More than two decades since a devastating earthquake, Focus travels to the Japanese city of Kobe to see how the city has rebuilt itself and find out how it turned the disaster into an opportunity.
Japan is no stranger to natural disasters, especially the city of Kobe, which was hit by a devastating earthquake in 1995. The massive tremor killed nearly 6,500 people in the city and its surrounding region.
More than two decades on and the city and its people have emerged from the rubble, demonstrating the qualities of resilience and stoicism which Japan is so famous for.
Economic renewal after collapse
The Kobe Biomedical Innovation Cluster, which was launched in the late 1990s, in a bid to revitalise the local economy in the wake of the earthquake, is now home to to some 350 companies and institutions. It employs some 10,000 workers and generates an estimated 1.2 billion euros per year.
A hub of innovation, the Kobe Eye Center is based at the cluster, while just next door is the Riken Advanced Institute for Computational Science – home to the K Computer, one of the most powerful supercomputers in the world.
Satoshi Matsuoka, the Institute's Director says, "The machine has been used in many aspects, not just basic science, but actually producing next generation products. For example a company has used K Computer to design new tyres that are much quieter. Others use K Computer to design new drugs. Some companies are using "K" to design new bridges and roads."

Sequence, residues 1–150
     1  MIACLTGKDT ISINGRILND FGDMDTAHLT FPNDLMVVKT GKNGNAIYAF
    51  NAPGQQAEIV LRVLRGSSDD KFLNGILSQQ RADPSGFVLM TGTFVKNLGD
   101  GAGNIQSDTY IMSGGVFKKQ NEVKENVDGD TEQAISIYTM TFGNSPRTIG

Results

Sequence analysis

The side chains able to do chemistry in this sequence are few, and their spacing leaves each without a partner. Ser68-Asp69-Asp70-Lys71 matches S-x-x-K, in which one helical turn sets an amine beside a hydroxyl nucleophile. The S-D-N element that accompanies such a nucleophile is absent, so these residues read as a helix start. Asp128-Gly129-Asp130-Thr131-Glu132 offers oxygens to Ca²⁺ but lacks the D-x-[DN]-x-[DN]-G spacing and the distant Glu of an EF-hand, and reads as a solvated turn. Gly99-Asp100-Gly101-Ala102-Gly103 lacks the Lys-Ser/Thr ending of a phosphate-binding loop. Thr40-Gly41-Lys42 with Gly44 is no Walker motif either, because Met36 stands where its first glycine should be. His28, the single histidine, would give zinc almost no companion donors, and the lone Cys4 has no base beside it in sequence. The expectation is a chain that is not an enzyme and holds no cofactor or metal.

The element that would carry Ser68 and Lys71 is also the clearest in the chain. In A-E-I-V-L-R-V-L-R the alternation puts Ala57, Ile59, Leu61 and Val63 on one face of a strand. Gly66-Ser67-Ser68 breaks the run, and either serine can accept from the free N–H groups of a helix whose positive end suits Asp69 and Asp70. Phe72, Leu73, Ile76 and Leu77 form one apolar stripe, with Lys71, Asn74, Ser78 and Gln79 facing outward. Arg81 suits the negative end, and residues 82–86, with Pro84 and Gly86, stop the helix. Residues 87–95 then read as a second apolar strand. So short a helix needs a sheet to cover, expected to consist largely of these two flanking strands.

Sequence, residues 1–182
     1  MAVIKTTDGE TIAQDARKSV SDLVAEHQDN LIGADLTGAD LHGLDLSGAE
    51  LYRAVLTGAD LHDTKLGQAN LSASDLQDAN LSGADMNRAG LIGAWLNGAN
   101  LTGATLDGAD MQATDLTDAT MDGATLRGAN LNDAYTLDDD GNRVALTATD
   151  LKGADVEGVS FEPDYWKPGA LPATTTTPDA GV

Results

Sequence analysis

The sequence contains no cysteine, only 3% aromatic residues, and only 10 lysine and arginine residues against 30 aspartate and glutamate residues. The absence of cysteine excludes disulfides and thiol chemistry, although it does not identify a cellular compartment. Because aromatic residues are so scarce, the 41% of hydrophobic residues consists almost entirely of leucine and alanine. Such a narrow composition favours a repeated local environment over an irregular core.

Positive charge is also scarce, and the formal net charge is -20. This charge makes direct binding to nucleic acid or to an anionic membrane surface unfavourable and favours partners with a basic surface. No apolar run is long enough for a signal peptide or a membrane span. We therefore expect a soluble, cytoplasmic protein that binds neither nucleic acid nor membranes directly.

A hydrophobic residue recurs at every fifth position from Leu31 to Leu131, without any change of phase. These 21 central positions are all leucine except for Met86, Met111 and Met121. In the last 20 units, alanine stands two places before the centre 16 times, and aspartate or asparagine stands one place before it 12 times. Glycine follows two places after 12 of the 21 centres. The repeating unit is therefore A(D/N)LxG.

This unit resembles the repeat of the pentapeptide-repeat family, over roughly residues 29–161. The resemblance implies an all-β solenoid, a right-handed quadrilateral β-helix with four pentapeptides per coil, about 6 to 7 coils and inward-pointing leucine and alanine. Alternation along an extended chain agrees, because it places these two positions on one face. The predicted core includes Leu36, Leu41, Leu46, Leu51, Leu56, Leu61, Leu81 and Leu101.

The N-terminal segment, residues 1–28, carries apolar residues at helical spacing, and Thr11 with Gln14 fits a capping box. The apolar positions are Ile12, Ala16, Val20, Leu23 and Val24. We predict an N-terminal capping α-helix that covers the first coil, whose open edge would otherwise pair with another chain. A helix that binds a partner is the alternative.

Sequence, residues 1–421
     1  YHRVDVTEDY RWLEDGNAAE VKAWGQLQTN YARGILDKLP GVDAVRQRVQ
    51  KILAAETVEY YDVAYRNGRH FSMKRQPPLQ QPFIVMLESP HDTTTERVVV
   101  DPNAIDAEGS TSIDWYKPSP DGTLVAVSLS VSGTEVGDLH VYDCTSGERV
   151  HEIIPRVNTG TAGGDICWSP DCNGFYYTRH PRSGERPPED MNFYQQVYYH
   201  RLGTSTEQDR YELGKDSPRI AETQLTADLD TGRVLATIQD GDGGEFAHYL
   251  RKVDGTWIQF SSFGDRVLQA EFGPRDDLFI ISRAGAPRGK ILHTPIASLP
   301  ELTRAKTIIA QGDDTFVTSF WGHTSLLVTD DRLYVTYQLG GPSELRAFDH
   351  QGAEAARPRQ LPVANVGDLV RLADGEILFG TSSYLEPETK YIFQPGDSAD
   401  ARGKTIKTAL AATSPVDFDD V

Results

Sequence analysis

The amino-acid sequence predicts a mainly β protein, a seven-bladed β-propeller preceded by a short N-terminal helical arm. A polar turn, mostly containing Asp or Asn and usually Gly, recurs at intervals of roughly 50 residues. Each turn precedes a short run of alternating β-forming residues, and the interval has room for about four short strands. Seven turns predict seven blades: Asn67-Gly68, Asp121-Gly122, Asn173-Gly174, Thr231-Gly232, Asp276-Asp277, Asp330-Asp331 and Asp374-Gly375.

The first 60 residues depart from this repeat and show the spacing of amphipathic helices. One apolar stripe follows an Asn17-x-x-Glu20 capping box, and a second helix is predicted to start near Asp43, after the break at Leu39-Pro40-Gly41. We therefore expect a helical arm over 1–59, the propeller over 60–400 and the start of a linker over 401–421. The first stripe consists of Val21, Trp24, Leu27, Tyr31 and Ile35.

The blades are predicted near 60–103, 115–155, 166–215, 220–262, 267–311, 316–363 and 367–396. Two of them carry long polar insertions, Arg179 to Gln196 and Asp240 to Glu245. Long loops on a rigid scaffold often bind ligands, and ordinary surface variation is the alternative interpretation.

Turning a disaster into an opportunity
Kobe's determination to turn the 1995 disaster into an opportunity was the reason why the Japanese government, together with The International Academic Forum, chose the city to hold the Kansai Resilience Forum. The event looks at resilience in all its forms, from the abstract concept to the concrete.
The forum was also intentionally held in the Hyogo Prefectural Museum of Art. Completed in 2002, the venue is regarded as a symbol of Kobe's renewal and resilience - qualities which experts at the event insist are vital, if both individuals and communities are to succeed and overcome challenges.
_"It is a basic human need. Not only in face of natural disasters, but also in the face of other challenges, like innovation and modernisation, the trade deals, the ageing society, the shrinking population...The problems of education and of motivating the young generations to continue fighting for a better future," says Ljiljana Markovic from the University of Belgrade.
Renowned Japanese Architect Tadao Ando sums up by saying, "Buildings, houses are necessary and we should rebuild them, but wounds have to be healed spiritually. I think art is very important. In the case of a disaster, we have to deal with practical matters, but we should not ignore the human soul."